[Caution: This post contains brain-crunching sentiments like “They asked for an early grave” and “Shooting up the Charlie Hebdo office was understandable.”]
With a tip of the hat to Reason, I’d like to present a little potpourri of, um, interesting responses to Wednesday’s massacre. The authors, to varying degrees, place at least some part of the blame on the victims.
Richard Seymour at Jacobin:
All one can have at this point are the correct but platitudinous points about there being no justification for this, that all attacks on journalists are abhorrent, that freedom of speech must be defended to the last drop of blood, and so on. If you really need that sermon, you’re in the wrong place. … I think there’s a critical difference between solidarity with the journalists who were attacked, refusing to concede anything to the idea that journalists are somehow “legitimate targets,” and solidarity with what is frankly a racist publication.
No, journalists are not legitimate targets for killing. But no, we also shouldn’t line up with the inevitable statist backlash against Muslims, or the ideological charge to defend a fetishized, racialized “secularism,” or concede to the blackmail which forces us into solidarity with a racist institution.
That’s all the more remarkable because Charlie Hebdo has always been a left-leaning, anti-establishment publication that directs its barbs at politicians, the police, bankers, the rich and powerful, and (last but not least) religion. The BBC’s Hugh Schofield even describes the weekly as fitting in a French tradition of “left-wing radicalism.”
No matter, says Jacob Canfield at the Hooded Utilitarian:
I understand that calling someone a ‘racist asshole’ after their murder is a callous thing to do, and I don’t do it lightly. This isn’t ambiguous, though: the editorial staff of Hebdo consistently aimed to provoke Muslims. … The statement, “JE SUIS CHARLIE” works to erase and ignore the magazine’s history of xenophobia, racism, and homophobia.
The way I see it, the cartoonists at Charlie Hebdo were equal-opportunity offenders who viewed themselves as being in the business of slaying holy cows. When they observed a multitude of nodders — that is, when they saw stifling conformity — they questioned and mocked it, even if that meant offending some subset of Charlie readers with drawings that some (not me) saw as homophobic or racist.
For instance, I wonder if Canfield thinks this is a “racist,” “homophobic” cartoon. (To me, it’s the opposite.)
Granted, he says:
Nobody should have been killed over those cartoons.
Fuck those cartoons.
Hm. I think that should be, “Fuck the people who literally can’t take a joke.”
One of Canfield’s commenters then weighs in with the following:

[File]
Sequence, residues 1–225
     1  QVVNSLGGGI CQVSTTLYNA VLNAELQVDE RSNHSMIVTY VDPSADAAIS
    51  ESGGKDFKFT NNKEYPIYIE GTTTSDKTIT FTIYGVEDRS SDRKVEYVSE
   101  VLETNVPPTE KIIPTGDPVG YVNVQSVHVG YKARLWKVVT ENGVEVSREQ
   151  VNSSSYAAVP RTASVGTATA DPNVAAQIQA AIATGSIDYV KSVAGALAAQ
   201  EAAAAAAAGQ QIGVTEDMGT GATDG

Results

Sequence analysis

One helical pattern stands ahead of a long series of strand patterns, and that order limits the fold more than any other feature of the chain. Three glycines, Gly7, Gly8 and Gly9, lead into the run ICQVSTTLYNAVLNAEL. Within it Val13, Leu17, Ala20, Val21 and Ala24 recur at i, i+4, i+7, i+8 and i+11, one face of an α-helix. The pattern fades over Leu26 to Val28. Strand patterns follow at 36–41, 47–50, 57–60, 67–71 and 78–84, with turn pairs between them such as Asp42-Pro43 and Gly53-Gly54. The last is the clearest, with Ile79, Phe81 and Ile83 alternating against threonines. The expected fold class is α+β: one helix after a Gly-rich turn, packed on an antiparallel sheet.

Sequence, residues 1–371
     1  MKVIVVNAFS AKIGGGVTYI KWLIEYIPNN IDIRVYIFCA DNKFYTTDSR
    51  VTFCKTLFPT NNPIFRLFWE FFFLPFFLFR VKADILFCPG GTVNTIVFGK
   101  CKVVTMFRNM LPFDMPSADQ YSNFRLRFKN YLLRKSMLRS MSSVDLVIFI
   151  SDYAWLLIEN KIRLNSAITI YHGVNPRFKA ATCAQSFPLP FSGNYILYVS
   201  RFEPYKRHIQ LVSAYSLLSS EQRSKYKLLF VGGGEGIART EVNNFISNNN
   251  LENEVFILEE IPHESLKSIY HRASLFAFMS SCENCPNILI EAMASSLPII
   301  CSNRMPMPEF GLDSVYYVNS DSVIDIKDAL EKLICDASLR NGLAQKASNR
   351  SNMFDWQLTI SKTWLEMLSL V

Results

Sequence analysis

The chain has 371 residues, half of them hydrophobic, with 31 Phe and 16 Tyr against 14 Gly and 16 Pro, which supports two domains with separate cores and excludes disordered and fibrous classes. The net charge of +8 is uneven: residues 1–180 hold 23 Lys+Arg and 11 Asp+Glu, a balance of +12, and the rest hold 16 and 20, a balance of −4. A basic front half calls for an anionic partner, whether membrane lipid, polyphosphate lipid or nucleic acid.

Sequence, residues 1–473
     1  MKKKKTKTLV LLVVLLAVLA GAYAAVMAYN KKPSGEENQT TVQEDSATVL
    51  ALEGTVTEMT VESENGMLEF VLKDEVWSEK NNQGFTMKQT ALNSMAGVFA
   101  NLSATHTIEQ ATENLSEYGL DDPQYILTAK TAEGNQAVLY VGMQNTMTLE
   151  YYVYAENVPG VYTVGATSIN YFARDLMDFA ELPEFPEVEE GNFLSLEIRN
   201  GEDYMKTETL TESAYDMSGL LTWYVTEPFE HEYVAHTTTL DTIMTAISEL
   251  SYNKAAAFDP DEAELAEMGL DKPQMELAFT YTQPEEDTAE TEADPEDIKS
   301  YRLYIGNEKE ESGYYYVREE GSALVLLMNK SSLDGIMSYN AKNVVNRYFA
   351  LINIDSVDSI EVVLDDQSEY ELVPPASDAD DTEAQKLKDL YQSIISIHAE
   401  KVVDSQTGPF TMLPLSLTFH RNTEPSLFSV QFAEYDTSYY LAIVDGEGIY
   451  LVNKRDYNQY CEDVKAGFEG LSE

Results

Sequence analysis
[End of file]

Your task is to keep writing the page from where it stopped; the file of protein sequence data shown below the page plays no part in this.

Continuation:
I think they [Charlie Hebdo] deserved it. … They basically asked for an early grave.
To Canfield’s credit, he parries:
That’s the exact opposite of what I’m arguing in this piece. No drawing is worth murdering someone over, as offensive as it is.
Too many people use the excuse that it is “freedom of speech” and they can say whatever they want and there is no consequence. Unfortunately and horrifically in this case the consequence was markedly extreme. I certainly agree with the poster’s point that the mark of good satire is not that you be executed for it, however, you do need to be prepared for the fallout of putting out purposefully inflammatory perspectives.
Let’s move on. Here’s David Freelander at the Daily Beast:
Free speech is about the world of ideas. It doesn’t mean that you’re engaging in that when you’re being deliberately provocative.
Thankfully, there’s nothing in any modern Western constitution that says that “deliberately provocative” content shall not be allowed. And it’s unbelievably disingenuous of Freelander to imply that the content of Charlie Hebdo existed in some insignificant, swampy wasteland far away from “the world of ideas.” In France, on dozens if not hundreds of occasions, Charlie Hebdo helped set the national conversation. That’s more than Freelander — or yours truly — will be able to claim even if we stay active until we’re a hundred years old.
I also note without joy how close the tenor of Freelander’s cri de coeur is to the message of the Organization of Islamic Cooperation, a coalition of Muslim countries that wants to see “Islamophobia” outlawed internationally.
Then we have “queer pornographer and writer” Kitty Stryker at Purr Versatility:
I’m generally pretty anti-censorship. [But] I do not believe that racist, homophobic language is satire. I think it’s abusive, and I think it punches down, harshly and often. And that was exactly what sold magazines for Charlie Hebdo. … I couldn’t believe it when I found myself agreeing with the Catholic League on anything, but yeah — Muslims have a right to be angry.
Stryker links to Bill Donohue‘s awful rant at that point, and concludes
Reminder, folks — there is no such thing as “just a joke”. Humor impacts how people treat others. … I don’t think that shooting up the Charlie Hebdo office was ethically Right with a capital R, ok?
But I do think it’s understandable.
By now, some Friendly Atheist readers may have gotten their dander up not because of these writers’ victim-blaming, but because I dared point out that the quoted viewpoints come (almost?) entirely from the political left. For them, perhaps my post triggers feelings of annoyance or defensiveness.
If that describes you, I kindly ask you to hold back for a moment. Specifically, I’d like you to ponder this:
If these same statements had been made by religious right-wingers like Bill Donohue (whose anti-Charlie Hebdo editorial we rebutted twice, here and here), would you not have condemned them unequivocally?